The Epoch Times, a newspaper founded by Chinese dissidents, says it’s likely that the Chinese woman arrested at Mar-a-Lago on Saturday is a spy for the communist Chinese.
Yujing Zhang was arrested by the Secret Service and charged with two crimes: making false statements and illegally entering a restricted area. Agents found in her possession two passports, a laptop computer, an external drive, and a thumb drive that had malware on it.
She’d been initially admitted to the club, as a staff member could not understand her and believed that she was related to another club member, according to the criminal complaint filed with the U.S. District Court for the Southern District of Florida.
Zhang had said she was there for an event, and showed Mar-a-Lago employees an invitation that was written in Chinese. She told another Mar-a-Lago employee that she was there to use the pool.
Secret Service agents subsequently questioned her and she became verbally aggressive, while all of a sudden exhibiting an excellent command of English.
“When it comes to Chinese espionage, there are many types of spies,” Epoch Times reporter Joshua Philipp wrote in an April 3 article for the Epoch Times entitled, “China’s Web of Spies and the Breach at Mar-a-Lago.”
“While we can’t say anything for certain, Zhang fits the profile of someone with the Chinese Communist Party’s (CCP) United Front operations,” he wrote. “Yet, it’s unlikely Zhang was an official spy, in the way we in the United States would typically think of a spy.”
He went on to write that the main piece of evidence to support the theory that Zhang is a spy, of sorts, is the invitation she presented at Mar-a-Lago for a “United Nations Friendship Event” between the United States and China that she said she’d come from Shanghai to attend.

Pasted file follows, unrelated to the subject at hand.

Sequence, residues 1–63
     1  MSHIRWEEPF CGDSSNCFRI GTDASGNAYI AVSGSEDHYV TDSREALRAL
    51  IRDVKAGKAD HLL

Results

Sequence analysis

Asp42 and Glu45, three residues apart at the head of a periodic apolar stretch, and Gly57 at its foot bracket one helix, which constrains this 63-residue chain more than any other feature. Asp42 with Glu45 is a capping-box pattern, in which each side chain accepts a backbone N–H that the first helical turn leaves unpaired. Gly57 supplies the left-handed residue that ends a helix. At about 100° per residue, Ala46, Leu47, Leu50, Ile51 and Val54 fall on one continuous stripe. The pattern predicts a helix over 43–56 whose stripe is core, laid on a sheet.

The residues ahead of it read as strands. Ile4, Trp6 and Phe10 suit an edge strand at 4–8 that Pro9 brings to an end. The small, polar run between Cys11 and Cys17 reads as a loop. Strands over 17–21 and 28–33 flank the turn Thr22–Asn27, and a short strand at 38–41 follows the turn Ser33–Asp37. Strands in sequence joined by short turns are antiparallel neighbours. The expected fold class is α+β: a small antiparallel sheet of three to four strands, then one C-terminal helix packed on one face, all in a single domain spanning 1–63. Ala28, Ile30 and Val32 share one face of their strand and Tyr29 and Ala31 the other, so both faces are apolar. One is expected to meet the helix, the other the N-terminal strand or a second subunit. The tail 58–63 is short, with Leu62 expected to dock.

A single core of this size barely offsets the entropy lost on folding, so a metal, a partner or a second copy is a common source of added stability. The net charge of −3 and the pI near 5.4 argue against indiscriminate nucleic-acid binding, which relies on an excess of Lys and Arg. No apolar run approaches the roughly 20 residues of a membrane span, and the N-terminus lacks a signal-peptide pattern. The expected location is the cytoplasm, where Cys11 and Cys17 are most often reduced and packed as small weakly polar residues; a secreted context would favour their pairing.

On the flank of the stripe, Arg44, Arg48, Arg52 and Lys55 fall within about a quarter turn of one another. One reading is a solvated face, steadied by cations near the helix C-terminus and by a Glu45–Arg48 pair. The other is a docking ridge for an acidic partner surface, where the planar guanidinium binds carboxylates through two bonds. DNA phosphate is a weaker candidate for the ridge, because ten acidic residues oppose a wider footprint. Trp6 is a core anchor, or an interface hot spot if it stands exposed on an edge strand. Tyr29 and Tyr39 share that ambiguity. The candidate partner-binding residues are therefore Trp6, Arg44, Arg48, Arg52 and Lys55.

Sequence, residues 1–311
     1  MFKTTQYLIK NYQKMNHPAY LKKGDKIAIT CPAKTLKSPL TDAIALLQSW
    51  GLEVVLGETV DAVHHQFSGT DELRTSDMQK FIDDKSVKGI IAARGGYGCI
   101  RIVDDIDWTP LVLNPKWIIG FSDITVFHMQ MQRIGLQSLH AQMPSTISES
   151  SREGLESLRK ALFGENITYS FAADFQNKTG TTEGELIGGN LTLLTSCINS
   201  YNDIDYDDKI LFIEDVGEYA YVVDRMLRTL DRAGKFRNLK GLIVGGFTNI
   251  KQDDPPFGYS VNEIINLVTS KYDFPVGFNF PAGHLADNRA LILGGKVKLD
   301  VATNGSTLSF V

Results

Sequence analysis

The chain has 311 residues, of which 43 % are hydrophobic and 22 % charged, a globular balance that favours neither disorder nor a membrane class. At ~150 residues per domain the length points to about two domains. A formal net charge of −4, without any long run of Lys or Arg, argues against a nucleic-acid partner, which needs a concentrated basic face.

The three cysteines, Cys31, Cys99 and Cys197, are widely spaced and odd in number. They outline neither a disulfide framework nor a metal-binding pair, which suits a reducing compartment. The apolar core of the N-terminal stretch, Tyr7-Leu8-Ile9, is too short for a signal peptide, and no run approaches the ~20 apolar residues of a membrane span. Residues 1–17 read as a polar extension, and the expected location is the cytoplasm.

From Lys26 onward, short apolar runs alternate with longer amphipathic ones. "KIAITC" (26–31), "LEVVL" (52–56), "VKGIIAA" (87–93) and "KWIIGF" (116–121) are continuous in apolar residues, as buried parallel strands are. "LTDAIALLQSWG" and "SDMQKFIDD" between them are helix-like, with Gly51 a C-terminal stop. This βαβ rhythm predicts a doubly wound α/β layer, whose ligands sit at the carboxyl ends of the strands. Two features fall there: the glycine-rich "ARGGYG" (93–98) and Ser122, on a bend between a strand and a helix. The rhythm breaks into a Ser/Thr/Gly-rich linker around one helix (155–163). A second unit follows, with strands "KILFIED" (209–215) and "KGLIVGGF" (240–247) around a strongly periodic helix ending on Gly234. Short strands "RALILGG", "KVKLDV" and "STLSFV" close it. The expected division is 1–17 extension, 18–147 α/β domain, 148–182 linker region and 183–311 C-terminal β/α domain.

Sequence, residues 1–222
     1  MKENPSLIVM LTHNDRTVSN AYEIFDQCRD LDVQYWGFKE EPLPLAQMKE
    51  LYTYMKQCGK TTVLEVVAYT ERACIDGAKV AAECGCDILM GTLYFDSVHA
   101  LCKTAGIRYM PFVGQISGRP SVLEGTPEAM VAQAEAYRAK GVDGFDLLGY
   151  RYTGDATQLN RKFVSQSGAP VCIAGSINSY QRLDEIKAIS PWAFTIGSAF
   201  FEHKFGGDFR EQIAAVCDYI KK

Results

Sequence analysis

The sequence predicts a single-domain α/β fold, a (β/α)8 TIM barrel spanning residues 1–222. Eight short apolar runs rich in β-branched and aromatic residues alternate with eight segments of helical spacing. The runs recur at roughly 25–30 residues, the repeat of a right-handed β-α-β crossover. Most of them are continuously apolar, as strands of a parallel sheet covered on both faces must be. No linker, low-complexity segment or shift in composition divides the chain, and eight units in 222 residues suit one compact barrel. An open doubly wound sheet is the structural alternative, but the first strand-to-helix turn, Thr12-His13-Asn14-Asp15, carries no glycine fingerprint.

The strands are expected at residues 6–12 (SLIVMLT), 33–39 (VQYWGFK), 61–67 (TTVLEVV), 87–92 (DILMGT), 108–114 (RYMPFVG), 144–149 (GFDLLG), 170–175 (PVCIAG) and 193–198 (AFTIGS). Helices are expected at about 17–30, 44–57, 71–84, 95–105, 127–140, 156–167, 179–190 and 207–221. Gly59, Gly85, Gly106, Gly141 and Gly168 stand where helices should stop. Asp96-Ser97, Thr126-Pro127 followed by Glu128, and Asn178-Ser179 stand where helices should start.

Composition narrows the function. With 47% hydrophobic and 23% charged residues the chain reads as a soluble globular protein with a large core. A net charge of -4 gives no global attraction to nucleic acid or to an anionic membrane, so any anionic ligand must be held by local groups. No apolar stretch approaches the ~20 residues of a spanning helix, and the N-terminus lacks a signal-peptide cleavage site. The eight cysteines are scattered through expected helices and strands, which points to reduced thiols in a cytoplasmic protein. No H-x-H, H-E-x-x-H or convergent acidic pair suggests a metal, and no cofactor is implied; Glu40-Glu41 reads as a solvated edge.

There was no such event taking place that day at Mar-a-Lago.
Zhang had told agents that the event was organized by the United Nations Chinese-American Association. But there is no such association affiliated with the United Nations.
Chinese ‘associations’ such as the one Zhang named, Philipp wrote, are usually under the control of the United Front Department of the Chinese Communist Party. This department is one of the party’s main organizations dedicated to espionage.
The Financial Times wrote in a 2017 story that people are often invited to a United Front banquet or reception, often by an organization that has ‘friendship’ in its name.
“These United Front networks are then used by the CCP to extend its influence into overseas Chinese communities, and to influence local politics in targeted countries, pressure Chinese dissidents living abroad, recruit people as low-tier spies, and to spread CCP propaganda,” writes Philipp.
The Miami Herald reported on Thursday that the FBI is now investigating possible Chinese spying on Trump and Mar-a-Lago, and have focused their attention on Li “Cindy” Yang, the owner of the Florida massage parlor who has attended events at Mar-a-Lago and promoted events at Mar-a-Lago online to Chinese citizens. The reporters write that on the day she was arrested, Zhang was headed to an event that had been advertised online by Yang and her associate, Charles Lee.
While Zhang’s maneuverings to enter Mar-a-Lago may seem clumsy and even bizarre, it may be because Americans don’t understand the way the Chinese government operates.
In communist China, spying for the government is required of all citizens, according to China’s 2017 National Intelligence Law. There are enticements for those who comply, and there’s no opting out.
“Spying for the state is a duty of the citizens and corporations of China under the law, much like paying taxes,” wrote Yi-Zheng Lian in a March 13, 2019, Op-Ed in the New York Times.
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